IBM 704, the first mass-produced computer, still with vacuum tubes. It used floating point arithmetic hardware and Magnetic core memory, three index registers, 36-bit words. The IBM 704 was able to process about 40,000 instructions per second, and was introduced in 1954. The instruction format was 3-bit prefix, 15-bit decrement, 3-bit tag, and 15-bit address. The prefix field specified the class of instruction, the decrement field often contained an immediate operand, or was used to further define the instruction type. The tag bits specified any combination of three index registers, in which the contents of the registers were subtracted from the address to produce an effective address of an memory operand. The programming languages Fortran and Lisp were first developed for the 704. In 1957 Alex Bernstein et al. wrote the first complete chess program for the IBM 704, The Bernstein Chess Program.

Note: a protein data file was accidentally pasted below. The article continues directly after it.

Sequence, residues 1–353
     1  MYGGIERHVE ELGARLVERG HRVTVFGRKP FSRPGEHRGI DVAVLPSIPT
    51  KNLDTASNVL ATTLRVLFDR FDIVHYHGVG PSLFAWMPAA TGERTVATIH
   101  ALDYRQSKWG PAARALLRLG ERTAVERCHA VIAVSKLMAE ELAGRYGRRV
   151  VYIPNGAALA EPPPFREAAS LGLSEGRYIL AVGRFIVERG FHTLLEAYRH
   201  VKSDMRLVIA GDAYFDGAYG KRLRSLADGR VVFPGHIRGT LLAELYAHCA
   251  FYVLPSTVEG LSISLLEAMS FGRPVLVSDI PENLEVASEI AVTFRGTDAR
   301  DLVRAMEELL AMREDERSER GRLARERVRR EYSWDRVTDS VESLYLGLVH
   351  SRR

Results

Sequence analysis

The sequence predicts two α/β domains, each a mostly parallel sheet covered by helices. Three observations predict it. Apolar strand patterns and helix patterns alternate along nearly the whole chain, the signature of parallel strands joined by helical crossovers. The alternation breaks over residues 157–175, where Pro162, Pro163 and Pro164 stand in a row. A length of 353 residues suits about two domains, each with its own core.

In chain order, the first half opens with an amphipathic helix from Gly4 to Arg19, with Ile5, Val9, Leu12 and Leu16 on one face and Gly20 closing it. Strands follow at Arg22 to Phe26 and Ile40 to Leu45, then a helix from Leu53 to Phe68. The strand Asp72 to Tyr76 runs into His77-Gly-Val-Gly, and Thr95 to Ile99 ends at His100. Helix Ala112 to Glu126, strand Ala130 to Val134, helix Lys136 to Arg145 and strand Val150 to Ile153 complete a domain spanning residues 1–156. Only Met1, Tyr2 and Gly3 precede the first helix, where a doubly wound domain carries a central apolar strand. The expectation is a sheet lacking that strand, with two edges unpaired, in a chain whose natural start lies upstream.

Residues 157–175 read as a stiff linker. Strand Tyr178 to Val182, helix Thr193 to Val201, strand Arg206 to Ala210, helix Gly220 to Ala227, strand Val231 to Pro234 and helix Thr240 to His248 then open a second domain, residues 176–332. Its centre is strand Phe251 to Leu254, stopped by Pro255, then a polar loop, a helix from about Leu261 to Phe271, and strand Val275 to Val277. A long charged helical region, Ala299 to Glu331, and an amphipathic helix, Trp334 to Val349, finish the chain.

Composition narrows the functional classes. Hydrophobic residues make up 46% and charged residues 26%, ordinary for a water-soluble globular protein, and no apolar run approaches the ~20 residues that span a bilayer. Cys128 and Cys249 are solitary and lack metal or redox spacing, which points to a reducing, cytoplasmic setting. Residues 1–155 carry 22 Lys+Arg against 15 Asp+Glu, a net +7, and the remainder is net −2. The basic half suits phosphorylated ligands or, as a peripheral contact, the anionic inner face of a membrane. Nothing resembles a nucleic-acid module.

- Alex Bernstein, Michael de V. Roberts, Timothy Arbuckle, Martin Belsky (1958). A chess playing program for the IBM 704. Proceedings of the 1958 Western Joint Computer Conference, pdf
- John McCarthy (1960). Recursive Functions of Symbolic Expressions and Their Computation by Machine, Part I, Massachusetts Institute of Technology, pdf
- IBM 704 from Wikipedia
- IBM Archives: Photo Album: 704 Data Processing System
- The IBM 704 by Frank da Cruz, Columbia University
- From the IBM 704 to the IBM 7094 by John J. G. Savard
- Photos by Andreas Feininger, Getty Images